Submitted to: Journal of Food Science
Publication Type: Peer reviewed journal
Publication Acceptance Date: 11/10/2004
Publication Date: 1/12/2005
Citation: Lamikanra, O., Bett Garber, K.L., Ingram, D.A., Watson, M.A. 2005. Use of mild heat pre-treatment for quality retention of fresh-cut cantaloupe melon. Journal of Food Science. 70(1):C53-C57. Interpretive Summary: Exposure of plant tissues to temperatures about 10°C above the normal growing temperature alters response of the tissue to wounding. The control of wound signals using mild heat has been demonstrated to be beneficial for improving the shelf-life of some whole fruits. Our research applied this concept to cut fruit. Preheating whole cantaloupe melon previously stored at 4 oC to 50 oC in a waterbath for 60 minutes, followed by cooling to 4 oC overnight prior to cutting, was demonstrated to improve the cut fruit sensory quality and shelf-life. The improved fruit quality, as a result of the treatment, was determined by biochemical and microbial measurements. Human sensory evaluation was used to demonstrate the improved flavor and texture attributes during storage, which was a consequence of preheating fruit prior to cutting. The result will be useful to the fresh-cut fruit industry for processing fruit with superior product shelf-life.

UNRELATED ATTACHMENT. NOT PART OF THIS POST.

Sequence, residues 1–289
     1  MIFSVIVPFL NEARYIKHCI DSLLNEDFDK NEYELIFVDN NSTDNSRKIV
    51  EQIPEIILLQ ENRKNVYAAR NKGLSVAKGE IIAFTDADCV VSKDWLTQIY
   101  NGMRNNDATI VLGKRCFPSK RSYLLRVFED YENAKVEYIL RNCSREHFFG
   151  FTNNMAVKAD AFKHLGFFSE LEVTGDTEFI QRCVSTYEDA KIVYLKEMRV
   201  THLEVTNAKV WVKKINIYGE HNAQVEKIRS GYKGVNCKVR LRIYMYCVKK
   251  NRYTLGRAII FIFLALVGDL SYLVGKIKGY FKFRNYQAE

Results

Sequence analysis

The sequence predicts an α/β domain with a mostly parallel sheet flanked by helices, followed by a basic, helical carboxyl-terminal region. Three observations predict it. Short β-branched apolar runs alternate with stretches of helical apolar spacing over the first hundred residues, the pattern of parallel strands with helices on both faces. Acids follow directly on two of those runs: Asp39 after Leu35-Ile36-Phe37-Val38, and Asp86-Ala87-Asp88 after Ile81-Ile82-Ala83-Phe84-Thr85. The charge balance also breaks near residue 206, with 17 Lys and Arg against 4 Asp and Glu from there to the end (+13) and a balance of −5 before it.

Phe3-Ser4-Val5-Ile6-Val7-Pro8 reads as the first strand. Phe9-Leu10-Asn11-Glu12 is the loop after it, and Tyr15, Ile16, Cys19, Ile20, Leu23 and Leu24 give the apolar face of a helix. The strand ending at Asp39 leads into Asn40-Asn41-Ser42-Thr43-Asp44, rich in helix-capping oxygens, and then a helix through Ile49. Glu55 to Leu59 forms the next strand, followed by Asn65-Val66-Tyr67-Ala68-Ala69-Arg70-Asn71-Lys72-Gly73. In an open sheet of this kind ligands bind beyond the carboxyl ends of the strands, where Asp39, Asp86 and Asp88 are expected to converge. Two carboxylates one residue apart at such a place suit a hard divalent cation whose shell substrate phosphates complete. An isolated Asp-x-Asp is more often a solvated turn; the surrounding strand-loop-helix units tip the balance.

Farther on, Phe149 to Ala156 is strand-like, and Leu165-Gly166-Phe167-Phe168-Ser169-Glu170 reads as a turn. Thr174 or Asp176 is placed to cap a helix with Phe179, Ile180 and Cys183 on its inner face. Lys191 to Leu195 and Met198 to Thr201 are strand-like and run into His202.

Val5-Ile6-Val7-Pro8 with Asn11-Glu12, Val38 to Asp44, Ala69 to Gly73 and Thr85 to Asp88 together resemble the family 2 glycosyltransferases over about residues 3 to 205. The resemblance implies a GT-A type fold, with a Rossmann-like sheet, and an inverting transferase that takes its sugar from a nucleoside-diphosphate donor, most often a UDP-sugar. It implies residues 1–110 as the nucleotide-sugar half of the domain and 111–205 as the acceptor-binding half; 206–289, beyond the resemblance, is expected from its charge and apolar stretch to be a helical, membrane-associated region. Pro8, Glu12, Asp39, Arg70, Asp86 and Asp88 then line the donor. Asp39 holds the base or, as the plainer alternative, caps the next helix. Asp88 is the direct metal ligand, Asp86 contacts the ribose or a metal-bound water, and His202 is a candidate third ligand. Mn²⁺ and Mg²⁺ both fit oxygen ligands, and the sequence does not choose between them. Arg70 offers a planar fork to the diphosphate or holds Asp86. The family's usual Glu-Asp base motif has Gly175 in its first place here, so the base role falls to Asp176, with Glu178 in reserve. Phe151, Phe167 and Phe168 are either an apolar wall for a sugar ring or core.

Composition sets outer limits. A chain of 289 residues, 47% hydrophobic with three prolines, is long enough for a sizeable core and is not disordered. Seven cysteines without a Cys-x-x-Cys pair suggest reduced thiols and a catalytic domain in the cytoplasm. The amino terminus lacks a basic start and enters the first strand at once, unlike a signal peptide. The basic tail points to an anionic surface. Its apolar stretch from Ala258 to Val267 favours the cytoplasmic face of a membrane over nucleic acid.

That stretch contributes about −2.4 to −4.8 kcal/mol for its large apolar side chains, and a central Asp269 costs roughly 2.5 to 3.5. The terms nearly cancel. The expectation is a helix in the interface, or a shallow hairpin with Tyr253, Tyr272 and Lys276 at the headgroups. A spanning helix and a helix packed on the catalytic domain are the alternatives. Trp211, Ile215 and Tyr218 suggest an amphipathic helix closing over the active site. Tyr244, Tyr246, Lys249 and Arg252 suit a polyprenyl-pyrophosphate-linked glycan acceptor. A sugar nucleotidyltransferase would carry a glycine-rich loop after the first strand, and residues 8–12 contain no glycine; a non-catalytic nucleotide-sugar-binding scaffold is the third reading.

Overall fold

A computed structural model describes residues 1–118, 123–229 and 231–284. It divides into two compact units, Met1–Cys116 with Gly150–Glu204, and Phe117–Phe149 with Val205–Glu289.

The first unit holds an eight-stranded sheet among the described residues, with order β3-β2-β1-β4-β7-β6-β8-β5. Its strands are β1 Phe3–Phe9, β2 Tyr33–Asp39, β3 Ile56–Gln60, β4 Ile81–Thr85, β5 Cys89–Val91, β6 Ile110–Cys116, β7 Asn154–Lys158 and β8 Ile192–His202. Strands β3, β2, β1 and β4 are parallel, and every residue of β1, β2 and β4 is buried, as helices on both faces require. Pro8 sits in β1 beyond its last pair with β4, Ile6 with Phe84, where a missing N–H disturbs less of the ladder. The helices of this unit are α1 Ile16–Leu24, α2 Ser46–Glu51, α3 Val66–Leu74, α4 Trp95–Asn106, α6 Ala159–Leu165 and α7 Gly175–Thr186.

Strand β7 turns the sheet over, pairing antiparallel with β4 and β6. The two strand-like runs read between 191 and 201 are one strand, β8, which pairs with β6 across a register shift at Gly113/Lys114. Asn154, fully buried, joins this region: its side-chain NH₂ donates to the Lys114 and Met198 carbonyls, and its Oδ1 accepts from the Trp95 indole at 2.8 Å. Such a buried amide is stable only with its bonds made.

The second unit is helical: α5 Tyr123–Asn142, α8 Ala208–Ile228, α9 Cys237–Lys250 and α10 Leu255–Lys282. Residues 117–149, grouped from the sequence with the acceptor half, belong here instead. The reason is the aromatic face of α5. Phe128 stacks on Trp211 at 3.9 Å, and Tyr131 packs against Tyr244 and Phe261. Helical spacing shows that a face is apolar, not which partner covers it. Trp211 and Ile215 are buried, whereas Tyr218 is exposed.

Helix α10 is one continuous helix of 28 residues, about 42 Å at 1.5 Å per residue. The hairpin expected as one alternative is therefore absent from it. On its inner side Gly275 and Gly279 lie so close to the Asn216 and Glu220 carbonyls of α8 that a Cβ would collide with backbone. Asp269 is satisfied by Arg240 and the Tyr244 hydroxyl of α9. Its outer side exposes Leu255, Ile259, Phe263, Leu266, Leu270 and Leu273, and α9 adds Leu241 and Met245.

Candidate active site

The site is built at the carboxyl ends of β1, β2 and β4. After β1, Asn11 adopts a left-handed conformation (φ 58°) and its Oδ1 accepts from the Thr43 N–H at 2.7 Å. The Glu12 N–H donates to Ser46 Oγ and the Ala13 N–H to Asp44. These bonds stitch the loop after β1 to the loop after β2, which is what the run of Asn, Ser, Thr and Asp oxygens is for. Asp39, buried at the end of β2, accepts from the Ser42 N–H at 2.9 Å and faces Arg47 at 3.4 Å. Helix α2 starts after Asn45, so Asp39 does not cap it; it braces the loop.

Technical Abstract: The effect on sensory attributes and shelf-life of fresh-cut cantaloupe melon subjected to pre-cut heat treatment at 50 oC for 60 minutes, followed by stored at 4 oC prior to cutting, and then storage at 10 oC for eight days, was determined. Heat treatment reduced the rate of increased respiration and moisture loss during storage of the cut fruit. The treatment also reduced microbial count after storage for one day, and prevented growth of lactic acid bacteria that occurred in untreated fruit after eight days in storage. Sensory evaluations indicated that heat treatment increased the intensities of the desirable attributes of fruity melon and sweet aromatic flavors, and reduced the undesirable flavors of musty, sour, bitter, chemical, and fermented. The study suggests that heat treatment would be useful in improving shelf-life of fresh-cut fruit.